On June 20, 1789 more than 500 deputies of the third estate took the oath of allegiance in the tennis court in Paris. It was apparent that only the revolutionary painter David could be commissioned to depict this event.
David planned to produce a painting more than six metres long sublimating the historic oath and preserving it for posterity. He failed: the scrupulously detailed representations of the individual figures would not resolve into a unified composition. The time in which David was working was not ripe for the transmutation of a very profane present into a convincing history painting, and the work remained unfinished.
Catalogue numbers: F 282, JH 1165.
A significant part of the pictures painted by van Gogh in his Parisian period belonged to the genre of still-life with flowers. These paintings can be considered experimental aiming to lighten his palette and explored colours.
The characteristic features of the present still-life are the depiction of cineraria, a rarely represented flower, and the unusual diagonal cut which contrasts with van Gogh's other Parisian still-lifes of frontal, symmetrical composition. The pot looks as if it were falling over, its spatial positioning is somewhat uncertain.
The altar-piece, called the Castelfranco Madonna, was in all probability commissioned by the Condottiere Tuzio Costanzo in memory of his son Matteo, who died in 1504: the Costanzo coat of arms can be seen on the base of the Virgin's throne. It can almost certainly be dated to 1505. Although it is not signed, the authorship is made indisputable by Giorgione's individual technique in laying on delicately shaded coats of paint without any underlying scaffolding from a drawing. The traditional scheme of composition is lightened by the novel use of such elements as the throne and the landscape, which takes up a good portion of the background.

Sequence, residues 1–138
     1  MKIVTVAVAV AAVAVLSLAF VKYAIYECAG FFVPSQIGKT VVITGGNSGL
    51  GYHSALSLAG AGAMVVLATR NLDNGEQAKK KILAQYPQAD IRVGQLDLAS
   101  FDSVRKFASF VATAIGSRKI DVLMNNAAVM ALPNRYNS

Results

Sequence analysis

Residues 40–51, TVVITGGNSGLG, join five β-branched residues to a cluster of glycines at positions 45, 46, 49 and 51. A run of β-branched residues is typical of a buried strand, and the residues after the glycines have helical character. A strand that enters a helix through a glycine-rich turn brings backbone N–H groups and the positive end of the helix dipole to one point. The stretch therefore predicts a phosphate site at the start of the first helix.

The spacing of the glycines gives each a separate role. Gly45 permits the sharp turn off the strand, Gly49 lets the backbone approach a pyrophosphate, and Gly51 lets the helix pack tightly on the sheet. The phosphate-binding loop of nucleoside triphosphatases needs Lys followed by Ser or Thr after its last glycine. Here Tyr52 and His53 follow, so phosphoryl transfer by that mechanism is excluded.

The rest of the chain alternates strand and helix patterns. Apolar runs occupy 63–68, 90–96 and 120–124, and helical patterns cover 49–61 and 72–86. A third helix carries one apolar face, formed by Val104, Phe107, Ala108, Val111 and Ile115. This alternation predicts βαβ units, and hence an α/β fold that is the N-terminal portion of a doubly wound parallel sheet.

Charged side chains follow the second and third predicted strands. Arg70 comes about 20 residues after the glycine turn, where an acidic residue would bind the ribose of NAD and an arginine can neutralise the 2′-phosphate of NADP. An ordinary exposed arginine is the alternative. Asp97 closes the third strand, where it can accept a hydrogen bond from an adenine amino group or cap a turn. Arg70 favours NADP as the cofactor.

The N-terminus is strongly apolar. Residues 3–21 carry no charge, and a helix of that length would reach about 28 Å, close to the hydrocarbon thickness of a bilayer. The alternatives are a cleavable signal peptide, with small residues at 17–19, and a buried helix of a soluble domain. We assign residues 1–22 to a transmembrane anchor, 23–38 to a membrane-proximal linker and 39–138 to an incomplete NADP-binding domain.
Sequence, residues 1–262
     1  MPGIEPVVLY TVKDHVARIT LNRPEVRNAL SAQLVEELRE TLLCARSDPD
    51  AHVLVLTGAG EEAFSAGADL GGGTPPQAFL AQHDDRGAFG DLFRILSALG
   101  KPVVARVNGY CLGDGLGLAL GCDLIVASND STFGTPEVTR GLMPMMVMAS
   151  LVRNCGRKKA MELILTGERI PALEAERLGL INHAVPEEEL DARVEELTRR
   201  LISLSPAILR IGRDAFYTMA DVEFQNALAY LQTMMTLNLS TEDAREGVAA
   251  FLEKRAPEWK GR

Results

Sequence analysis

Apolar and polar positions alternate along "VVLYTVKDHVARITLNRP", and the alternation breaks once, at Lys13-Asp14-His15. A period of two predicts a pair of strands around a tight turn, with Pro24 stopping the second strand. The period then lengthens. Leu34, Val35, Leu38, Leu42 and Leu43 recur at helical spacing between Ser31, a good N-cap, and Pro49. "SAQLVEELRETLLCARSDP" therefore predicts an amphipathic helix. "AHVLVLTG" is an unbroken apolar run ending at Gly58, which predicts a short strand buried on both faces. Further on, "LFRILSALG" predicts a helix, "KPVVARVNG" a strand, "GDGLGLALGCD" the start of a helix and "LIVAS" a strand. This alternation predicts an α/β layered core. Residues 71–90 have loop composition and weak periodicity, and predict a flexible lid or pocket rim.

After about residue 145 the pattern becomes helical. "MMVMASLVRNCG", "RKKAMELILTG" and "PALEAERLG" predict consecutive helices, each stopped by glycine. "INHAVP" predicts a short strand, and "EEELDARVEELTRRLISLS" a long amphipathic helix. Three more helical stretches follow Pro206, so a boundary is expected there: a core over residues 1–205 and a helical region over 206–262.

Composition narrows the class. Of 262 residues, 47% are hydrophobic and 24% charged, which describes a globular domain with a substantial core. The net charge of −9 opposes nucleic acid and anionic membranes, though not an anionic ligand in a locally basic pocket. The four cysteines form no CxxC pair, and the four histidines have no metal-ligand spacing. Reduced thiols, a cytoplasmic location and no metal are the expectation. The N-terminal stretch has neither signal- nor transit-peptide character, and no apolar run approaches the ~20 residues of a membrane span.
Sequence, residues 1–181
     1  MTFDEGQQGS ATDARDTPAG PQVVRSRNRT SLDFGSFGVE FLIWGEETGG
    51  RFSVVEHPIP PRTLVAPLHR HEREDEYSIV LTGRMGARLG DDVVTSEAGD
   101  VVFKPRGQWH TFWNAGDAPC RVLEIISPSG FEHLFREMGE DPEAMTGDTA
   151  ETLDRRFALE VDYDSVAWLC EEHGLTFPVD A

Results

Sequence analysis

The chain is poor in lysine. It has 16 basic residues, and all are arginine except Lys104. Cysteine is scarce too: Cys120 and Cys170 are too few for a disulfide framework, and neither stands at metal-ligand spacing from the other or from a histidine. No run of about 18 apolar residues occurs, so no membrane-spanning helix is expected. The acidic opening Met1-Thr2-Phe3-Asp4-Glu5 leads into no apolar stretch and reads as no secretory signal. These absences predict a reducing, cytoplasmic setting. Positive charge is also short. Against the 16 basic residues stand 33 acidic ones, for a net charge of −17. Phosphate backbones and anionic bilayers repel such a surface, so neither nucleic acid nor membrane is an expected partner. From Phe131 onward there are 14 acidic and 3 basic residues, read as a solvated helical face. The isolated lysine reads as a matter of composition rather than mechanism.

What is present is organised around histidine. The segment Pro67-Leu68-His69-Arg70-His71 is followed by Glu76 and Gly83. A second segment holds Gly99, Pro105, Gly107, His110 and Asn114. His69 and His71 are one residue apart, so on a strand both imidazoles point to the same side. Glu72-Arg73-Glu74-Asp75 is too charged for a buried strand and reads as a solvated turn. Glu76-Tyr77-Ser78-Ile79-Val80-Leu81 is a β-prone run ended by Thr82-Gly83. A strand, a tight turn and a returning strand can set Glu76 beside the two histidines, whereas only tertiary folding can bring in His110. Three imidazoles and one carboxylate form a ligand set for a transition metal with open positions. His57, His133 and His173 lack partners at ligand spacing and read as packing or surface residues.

This smallish altarpiece echoes the artistic approach developed by Giovanni Bellini, who was probably one of Giorgione's teachers. Giorgione softens both the atmosphere surrounding the figures and that in the space before the viewer. This atmospheric veil has a palpable analogy with the methods of Leonardo da Vinci, who was known to have been in Venice in 1500 and it is possible that Giorgione had seen some works by the Florentine genius. Yet the figural proportions and the lacy landscape speak to a fully personal Giorgionesque idiom.
In the predella below the Annunciation, near the two farthest edges, two scenes are painted (23 x 14 cm each). The first represent the Birth of the Virgin, the other The Virgin Consigns the Habit to St Dominic. There are five central scenes of the life of the Virgin, one after the other without interruption (23 x 183 cm), namely (from the left). Marriage of the Virgin, The Visitation, Adoration of the Magi, Presentation of Jesus at the Temple, Death of the Virgin.
This picture shows the scene of The Virgin Consigns the Habit to St Dominic.